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EXAMINATION OF SPECIMENS III.

MICROSCOPIC EXAMINATION: (cont'd) j. Blot or air dry. k. Examine smear under oil immersion. l. Record QC results on proper worksheet.

IV. REFERENCES: 1. Baron, EJ, Finegold, SM: Baily & Scott's Diagnostic Microbiology, 8th Edition, St. Louis, C.V. Mosby Company, 1990. 2. Koneman, EW, Roberts, GD: Practical Laboratory Mycology, Baltimore, The Williams and Wilkins Co., 1985. 3. Larone, DH: Medically Important Fungi, A Guide to Identification, 2nd Edition, New York, Elsevier Science Publishing Co., 1987. 4. McGinnis, MR: Laboratory Handbook of Medical Mycology, New York, Press, 1980. 5. Rippon, JW: Medical Mycology: The Pathogenic Fungi and the Pathogenic Actinomycetes, Philadelphia, W. B. Saunders Co., 1988.

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EXAMINATION OF SPECIMENS Table 1. Morphology and Possible Fungi Hair

nodules present

nodules absent

Nail

hyphae

Stratum corneum

Piedraia

soft, white

Trichosporon

arthroconidia present

Microsporum Trichophyton

endothrix

Trichophyton

arthroconidia absent

Trichophyton

dematiaceous

Scytalidium

non-dematiaceous

Aspergillus Epidermophyton Microsporum Scopulariopsis Trichophyton Candida

short sinous hyphae and yeast clusters

Malassezia

hyphae, pseudohyphae, yeast cells

globose

dematiaceous

Phaeoannellomyces

non-dematiaceous

Candida Epidermophyton Microsporum Scytalidium Trichophyton

dematiaceous

Phaeoannellomyces

non-dematiaceious

Candida

multiple budding

Paracoccidioides

single blastoconidium

ovoid

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ectothrix

hyphae, pseudohyphae, yeast cells

hyphae

Yeast Cells

black, hard

broad attachment

Blastomyces

narrow attachment

Cryptococcus Histoplasma

4-7 um

Candida

2-3 um

Candida Histoplasma Malassezia Sporothrix Torulopsis

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EXAMINATION OF SPECIMENS Stratum corneum (continued)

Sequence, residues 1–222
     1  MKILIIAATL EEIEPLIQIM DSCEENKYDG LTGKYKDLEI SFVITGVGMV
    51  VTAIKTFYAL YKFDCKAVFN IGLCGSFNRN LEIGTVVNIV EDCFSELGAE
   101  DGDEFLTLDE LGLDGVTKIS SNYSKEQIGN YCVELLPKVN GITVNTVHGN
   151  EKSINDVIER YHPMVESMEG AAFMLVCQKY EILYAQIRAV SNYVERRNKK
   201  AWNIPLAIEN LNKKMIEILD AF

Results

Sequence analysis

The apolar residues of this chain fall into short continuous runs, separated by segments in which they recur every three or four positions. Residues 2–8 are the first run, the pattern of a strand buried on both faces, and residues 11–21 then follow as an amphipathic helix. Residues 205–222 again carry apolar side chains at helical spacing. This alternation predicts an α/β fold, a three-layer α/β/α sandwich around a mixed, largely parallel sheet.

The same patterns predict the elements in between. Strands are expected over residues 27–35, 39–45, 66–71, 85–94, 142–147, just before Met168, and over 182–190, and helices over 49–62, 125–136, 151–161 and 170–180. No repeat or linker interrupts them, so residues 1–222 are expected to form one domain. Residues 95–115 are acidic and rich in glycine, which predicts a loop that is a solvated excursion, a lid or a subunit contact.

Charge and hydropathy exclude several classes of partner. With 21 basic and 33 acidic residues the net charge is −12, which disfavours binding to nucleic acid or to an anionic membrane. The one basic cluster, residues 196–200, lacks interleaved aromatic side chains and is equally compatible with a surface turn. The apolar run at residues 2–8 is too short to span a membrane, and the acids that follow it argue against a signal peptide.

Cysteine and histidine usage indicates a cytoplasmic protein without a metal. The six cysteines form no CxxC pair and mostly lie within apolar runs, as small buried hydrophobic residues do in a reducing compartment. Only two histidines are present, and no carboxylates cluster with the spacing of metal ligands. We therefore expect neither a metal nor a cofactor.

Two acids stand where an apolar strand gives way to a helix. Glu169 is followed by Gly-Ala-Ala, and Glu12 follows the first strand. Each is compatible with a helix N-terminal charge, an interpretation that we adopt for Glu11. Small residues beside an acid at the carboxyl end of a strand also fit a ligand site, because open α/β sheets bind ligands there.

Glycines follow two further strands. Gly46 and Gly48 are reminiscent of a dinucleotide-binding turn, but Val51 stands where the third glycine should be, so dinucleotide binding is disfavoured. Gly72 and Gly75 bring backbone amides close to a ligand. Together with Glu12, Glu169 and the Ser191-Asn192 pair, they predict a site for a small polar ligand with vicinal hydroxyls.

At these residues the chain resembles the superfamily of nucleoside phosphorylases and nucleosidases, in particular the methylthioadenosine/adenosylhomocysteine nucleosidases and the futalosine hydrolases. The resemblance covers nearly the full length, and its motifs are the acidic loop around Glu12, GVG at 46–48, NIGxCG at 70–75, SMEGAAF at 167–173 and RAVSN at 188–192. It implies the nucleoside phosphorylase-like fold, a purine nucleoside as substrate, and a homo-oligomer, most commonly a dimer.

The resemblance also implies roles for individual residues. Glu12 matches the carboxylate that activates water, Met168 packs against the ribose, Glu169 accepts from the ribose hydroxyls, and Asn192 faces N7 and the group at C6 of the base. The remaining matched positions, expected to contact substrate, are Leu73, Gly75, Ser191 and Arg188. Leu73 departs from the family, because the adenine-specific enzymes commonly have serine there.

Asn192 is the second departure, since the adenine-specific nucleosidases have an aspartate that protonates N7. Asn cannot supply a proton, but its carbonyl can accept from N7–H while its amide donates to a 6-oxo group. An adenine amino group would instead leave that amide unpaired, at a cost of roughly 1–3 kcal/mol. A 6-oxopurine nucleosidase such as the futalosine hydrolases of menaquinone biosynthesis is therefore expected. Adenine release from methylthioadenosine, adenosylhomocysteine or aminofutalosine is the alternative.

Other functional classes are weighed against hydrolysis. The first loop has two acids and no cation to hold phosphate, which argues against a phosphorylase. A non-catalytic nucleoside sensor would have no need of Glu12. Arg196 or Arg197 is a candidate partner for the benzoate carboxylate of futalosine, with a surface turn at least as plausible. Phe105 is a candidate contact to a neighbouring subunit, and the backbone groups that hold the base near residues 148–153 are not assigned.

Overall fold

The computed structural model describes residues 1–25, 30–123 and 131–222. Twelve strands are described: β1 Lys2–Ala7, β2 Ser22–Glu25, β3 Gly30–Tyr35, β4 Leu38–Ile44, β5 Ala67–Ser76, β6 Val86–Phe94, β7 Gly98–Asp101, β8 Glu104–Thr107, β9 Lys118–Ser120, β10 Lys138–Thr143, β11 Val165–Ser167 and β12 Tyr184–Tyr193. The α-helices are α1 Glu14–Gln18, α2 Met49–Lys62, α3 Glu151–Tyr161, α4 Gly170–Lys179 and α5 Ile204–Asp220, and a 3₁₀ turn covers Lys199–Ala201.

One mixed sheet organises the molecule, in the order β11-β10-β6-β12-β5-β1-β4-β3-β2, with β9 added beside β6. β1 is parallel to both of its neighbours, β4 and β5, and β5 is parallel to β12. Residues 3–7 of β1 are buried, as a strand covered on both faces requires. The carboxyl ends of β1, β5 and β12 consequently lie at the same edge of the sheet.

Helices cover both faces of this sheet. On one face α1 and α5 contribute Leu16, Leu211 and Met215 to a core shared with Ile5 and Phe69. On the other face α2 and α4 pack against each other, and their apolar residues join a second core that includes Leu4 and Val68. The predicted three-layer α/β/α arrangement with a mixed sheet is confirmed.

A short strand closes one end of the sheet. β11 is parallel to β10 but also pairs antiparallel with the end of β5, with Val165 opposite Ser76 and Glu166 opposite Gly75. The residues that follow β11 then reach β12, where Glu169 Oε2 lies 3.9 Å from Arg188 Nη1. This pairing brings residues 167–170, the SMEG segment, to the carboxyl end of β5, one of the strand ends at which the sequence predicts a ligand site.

Hyphae

6-10 um, broad, irregular

Candida

3-4 um

dematiaceous

Bipolaris Exophiala Phialophora Xylohypha

3-4 um

non-dematiaceious

Aspergillus Candida

0.5-1.0 um filamentous

Actinomycetes

Pseudohyphae, yeast cell

Candida

Sporangia, 100-200 um

Rhinosporidium

Sherules, 30-60 um

Coccidioides

Sclerotic bodies

Cladosporium Fonsecaea Phialophora

Adioconidia

Chrysosporium

Granules

globose cells, dematiacious

Exophiala

coccoid forms

bacteria

filamentous

0.4 - 1 um

Actinomycetes

3-4 swollen cells

Acremonium Madurella Scedosporium

Chain of globose cells Fluids Exudates Biopsies

Yeast cells

Loboa globose

multiple budding single blastoconidium

ovoid

Hyphae

broad attachment

Blastomyces

narrow attachment

Cryptococcus Histoplasma

4-7 um

Candida

2-3 um

Candida Histoplasma Sporothrix Torolopsis

6-10 um, broad, irregular 3-4 um

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Paracoccidioides

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Rhizopus dematiaceous

Bipolaris Exophiala Phialophora Xylohypha

non-dematiaceous

Aspergillus Candida


EXAMINATION OF SPECIMENS

Fluids Exudates Biopsies (continued)

Pseudohyphae, yeast cell

Candida

Sporangia, 100-200 um

Rhinosporidium

Spherules, 30-60 um

Coccidioides

Sclerotic bodies

Cladosporium Fonsecaea Phialophora

Adioconidia

Chrysosporium

Granules

globose cells, dematiaceous

Exophiala

Ccoccoid forms

Bacteria

filamentous

Chain of globose cells

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0.5 - 1 um

Acetinomycetes

3-4 swollen cells

AcremoniumMa durella Scedosporium Loboa

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5examination of specimens  
5examination of specimens